Health Canada has suspended the license of CannTrust Holdings Inc. more than two months after the agency found the company had grown and sold cannabis in and from unlicensed rooms, built two rooms at one of its facilities without approval, and didn’t maintain documents in a way that allowed it to complete an audit in a timely manner.
The license suspension prevents the company from selling any products and from propagating new lots or batches of cannabis, but it can complete existing lots and perform other tasks related to those lots like drying, trimming, and milling.
Health Canada will reinstate the license if the firm can show they can produce and ship only product cultivated in licensed facilities and control the movement of its products, attempt to recover cannabis grown in the unlicensed greenhouses, show that key personnel understand the law, and improve their record-keeping practices.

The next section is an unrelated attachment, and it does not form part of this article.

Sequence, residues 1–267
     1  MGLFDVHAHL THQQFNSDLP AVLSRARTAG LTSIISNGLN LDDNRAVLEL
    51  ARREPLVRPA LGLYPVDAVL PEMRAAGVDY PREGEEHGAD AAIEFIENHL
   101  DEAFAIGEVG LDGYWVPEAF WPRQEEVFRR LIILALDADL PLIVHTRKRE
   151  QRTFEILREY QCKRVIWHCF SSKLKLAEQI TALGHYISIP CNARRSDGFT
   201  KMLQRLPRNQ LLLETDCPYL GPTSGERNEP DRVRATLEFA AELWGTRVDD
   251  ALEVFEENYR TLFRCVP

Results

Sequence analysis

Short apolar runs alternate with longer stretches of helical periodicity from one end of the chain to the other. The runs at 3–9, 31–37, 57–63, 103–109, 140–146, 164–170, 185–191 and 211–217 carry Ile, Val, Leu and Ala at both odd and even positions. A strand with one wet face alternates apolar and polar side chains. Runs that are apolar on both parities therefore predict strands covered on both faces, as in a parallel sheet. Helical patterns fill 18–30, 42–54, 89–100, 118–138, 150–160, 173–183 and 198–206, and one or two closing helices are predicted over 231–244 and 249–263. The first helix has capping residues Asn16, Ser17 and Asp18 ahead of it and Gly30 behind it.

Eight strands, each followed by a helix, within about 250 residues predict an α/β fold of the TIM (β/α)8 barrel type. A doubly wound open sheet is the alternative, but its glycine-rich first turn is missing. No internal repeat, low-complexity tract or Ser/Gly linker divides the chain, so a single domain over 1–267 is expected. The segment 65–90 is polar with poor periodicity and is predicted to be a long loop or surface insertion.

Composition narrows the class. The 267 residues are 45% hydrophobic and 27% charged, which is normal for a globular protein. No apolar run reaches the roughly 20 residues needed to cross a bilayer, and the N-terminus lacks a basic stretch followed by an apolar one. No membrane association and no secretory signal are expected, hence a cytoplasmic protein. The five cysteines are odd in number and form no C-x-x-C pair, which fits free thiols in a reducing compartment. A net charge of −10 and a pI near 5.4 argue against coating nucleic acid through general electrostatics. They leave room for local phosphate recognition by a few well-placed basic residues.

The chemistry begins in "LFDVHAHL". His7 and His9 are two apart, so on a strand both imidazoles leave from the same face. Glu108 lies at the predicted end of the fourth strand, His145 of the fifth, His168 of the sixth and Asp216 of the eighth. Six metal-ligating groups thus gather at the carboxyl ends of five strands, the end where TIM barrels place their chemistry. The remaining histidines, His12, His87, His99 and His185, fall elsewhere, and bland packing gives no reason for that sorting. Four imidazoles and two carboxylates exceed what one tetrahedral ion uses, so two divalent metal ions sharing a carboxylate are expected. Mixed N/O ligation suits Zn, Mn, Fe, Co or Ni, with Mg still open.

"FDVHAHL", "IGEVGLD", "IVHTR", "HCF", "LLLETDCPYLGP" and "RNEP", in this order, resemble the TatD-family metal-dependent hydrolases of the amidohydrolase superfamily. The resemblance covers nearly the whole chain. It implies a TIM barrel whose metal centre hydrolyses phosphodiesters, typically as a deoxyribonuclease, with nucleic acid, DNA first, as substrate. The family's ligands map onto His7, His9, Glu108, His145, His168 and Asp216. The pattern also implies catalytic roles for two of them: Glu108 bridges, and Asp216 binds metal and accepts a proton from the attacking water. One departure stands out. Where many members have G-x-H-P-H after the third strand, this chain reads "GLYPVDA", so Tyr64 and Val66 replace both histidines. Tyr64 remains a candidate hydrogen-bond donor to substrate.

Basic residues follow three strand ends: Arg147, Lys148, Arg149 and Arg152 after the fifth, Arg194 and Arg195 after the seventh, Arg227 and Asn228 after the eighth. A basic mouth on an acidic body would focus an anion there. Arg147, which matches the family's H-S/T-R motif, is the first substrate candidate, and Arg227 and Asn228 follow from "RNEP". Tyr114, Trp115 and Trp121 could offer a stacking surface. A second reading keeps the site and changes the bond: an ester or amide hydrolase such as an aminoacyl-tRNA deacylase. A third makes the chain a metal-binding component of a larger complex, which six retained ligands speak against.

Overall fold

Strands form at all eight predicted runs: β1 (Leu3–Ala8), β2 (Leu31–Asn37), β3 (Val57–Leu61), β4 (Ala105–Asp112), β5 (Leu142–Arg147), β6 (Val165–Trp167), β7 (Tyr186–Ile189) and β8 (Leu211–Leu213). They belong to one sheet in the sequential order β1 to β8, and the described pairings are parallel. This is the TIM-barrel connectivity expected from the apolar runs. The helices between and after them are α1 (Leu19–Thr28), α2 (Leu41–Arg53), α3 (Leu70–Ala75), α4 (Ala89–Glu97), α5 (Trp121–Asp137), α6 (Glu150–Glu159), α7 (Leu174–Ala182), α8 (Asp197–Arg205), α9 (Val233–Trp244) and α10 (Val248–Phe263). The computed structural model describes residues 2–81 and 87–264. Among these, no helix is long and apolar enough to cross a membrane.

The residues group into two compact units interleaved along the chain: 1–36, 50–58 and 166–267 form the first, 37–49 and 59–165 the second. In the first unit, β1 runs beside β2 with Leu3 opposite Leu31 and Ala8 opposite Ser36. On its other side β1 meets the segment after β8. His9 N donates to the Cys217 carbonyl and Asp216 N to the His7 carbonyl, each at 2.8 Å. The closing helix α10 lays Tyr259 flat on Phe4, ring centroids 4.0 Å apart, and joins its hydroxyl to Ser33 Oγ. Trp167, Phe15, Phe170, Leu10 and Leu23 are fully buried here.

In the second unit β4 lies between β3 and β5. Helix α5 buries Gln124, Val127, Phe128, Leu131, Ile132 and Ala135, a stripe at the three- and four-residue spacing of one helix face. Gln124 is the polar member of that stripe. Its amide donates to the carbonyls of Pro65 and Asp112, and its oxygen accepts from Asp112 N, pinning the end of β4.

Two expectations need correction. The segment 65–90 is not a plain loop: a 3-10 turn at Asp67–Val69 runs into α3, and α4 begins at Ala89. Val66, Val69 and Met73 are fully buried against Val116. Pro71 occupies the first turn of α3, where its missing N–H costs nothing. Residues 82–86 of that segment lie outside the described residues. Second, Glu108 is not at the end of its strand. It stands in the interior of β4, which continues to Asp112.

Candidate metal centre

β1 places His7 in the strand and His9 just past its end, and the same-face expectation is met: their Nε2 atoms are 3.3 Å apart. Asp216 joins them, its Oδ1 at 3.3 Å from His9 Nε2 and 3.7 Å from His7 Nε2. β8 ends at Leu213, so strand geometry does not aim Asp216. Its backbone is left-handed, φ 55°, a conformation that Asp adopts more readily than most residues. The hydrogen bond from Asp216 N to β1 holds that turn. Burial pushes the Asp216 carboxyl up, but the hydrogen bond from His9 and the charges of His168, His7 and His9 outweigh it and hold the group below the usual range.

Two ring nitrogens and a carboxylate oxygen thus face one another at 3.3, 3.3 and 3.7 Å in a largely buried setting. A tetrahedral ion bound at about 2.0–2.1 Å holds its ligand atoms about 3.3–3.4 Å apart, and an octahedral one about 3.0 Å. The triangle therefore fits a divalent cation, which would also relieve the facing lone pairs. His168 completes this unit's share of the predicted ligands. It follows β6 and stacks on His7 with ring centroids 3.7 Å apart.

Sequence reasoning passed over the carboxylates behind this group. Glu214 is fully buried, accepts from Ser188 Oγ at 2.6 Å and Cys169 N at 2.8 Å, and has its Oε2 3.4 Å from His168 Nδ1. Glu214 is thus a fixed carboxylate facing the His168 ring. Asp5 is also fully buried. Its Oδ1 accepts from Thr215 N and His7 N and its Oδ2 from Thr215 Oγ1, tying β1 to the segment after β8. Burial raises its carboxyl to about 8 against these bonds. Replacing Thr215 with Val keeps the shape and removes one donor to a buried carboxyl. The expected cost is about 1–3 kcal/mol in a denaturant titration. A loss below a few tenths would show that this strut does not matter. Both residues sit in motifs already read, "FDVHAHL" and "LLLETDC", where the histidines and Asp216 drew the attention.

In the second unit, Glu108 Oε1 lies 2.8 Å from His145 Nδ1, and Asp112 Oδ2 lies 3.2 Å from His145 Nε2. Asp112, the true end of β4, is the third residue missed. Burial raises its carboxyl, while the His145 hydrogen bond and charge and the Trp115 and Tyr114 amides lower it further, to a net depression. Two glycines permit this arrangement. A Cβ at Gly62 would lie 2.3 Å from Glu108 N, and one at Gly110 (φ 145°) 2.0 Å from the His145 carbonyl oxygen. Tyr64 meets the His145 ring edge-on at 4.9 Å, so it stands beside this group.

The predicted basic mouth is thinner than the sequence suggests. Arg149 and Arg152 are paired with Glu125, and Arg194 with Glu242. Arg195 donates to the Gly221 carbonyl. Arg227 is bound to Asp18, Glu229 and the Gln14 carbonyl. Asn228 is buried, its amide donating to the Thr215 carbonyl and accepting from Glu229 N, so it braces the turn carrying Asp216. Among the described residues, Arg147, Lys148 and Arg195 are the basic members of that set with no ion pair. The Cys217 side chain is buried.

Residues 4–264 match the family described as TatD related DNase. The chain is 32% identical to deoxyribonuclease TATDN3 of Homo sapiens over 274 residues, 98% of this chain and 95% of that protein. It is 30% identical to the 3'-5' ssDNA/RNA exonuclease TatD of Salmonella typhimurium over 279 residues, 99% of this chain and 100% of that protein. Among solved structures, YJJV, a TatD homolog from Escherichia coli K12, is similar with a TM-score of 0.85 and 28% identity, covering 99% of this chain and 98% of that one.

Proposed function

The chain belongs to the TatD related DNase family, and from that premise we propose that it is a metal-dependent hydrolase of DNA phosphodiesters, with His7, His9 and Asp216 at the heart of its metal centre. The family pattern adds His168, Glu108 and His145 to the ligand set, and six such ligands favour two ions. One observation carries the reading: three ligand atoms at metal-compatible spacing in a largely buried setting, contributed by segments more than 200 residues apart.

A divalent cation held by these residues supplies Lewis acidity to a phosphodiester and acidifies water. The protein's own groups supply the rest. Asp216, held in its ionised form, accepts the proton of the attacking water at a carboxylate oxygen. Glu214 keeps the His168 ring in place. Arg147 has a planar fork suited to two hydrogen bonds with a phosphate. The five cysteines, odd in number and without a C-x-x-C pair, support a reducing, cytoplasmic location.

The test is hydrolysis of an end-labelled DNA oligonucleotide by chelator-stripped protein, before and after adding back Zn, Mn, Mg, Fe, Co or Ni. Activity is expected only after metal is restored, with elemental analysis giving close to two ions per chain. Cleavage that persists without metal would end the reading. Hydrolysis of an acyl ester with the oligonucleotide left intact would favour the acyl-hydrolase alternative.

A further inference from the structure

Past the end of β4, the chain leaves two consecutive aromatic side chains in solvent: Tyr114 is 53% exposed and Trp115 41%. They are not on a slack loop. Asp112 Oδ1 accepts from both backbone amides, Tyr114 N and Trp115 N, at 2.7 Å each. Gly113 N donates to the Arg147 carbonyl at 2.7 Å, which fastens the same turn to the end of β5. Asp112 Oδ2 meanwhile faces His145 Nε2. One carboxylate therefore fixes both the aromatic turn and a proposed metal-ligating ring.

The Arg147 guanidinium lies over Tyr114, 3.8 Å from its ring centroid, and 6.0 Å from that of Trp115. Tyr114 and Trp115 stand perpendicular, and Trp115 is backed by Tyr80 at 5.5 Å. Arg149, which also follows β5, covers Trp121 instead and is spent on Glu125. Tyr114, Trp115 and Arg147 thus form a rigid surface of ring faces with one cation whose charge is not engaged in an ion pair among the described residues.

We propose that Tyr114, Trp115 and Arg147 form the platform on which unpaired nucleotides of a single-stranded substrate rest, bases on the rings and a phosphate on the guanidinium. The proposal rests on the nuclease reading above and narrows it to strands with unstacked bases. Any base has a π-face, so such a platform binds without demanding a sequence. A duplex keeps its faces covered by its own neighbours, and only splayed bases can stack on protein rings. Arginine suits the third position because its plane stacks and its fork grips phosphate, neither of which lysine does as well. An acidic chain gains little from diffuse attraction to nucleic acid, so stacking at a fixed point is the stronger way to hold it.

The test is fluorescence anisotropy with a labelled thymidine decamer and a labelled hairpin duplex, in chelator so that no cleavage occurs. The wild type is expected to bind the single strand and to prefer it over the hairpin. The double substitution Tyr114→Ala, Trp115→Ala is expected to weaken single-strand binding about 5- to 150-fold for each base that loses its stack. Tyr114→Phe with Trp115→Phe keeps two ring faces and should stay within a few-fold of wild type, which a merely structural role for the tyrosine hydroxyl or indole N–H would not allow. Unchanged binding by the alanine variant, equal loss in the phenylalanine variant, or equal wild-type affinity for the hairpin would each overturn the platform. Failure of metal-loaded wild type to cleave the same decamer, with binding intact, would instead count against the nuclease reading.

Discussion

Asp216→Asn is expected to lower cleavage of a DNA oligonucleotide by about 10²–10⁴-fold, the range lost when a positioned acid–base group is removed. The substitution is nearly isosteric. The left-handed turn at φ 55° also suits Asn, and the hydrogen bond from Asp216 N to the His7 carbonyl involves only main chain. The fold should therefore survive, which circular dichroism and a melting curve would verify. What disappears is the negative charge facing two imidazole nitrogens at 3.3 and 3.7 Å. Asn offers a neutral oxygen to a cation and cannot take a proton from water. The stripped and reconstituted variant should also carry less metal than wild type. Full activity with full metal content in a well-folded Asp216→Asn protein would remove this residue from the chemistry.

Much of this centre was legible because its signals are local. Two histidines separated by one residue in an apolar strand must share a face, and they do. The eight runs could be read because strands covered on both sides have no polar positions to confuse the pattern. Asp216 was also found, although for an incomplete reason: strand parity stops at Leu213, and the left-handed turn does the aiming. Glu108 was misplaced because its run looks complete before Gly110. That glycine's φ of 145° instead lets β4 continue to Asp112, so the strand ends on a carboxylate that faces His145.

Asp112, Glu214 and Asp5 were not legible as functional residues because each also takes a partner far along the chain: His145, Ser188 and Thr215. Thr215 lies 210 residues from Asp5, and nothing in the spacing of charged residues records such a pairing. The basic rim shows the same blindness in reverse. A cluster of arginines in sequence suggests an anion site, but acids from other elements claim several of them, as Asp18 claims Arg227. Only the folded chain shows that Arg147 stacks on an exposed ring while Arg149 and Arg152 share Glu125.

“Over the past two months, the Company has moved swiftly to assess and address Health Canada’s concerns, including areas of operational non-compliance. The Company remains committed to being in full regulatory compliance.” – CannTrust, in a Sept. 17 statement
The license suspension is just the latest for the embattled company who was forced to put 12,000 kilograms of cannabis “on hold” in July after Health Canada discovered the unlicensed rooms at the company’s Pelham, Ontario facility. Two days later, Danish company StenoCare quarantined oil derived from the facility.
The following month, the company’s auditor, KPMG, withdrew its financial audits of CannTrust saying they were completed with unreliable information from representatives – namely former Chief Executive Peter Aceto and former President Eric Paul – who were fired after emails were published showing they knew about the illegal grows.
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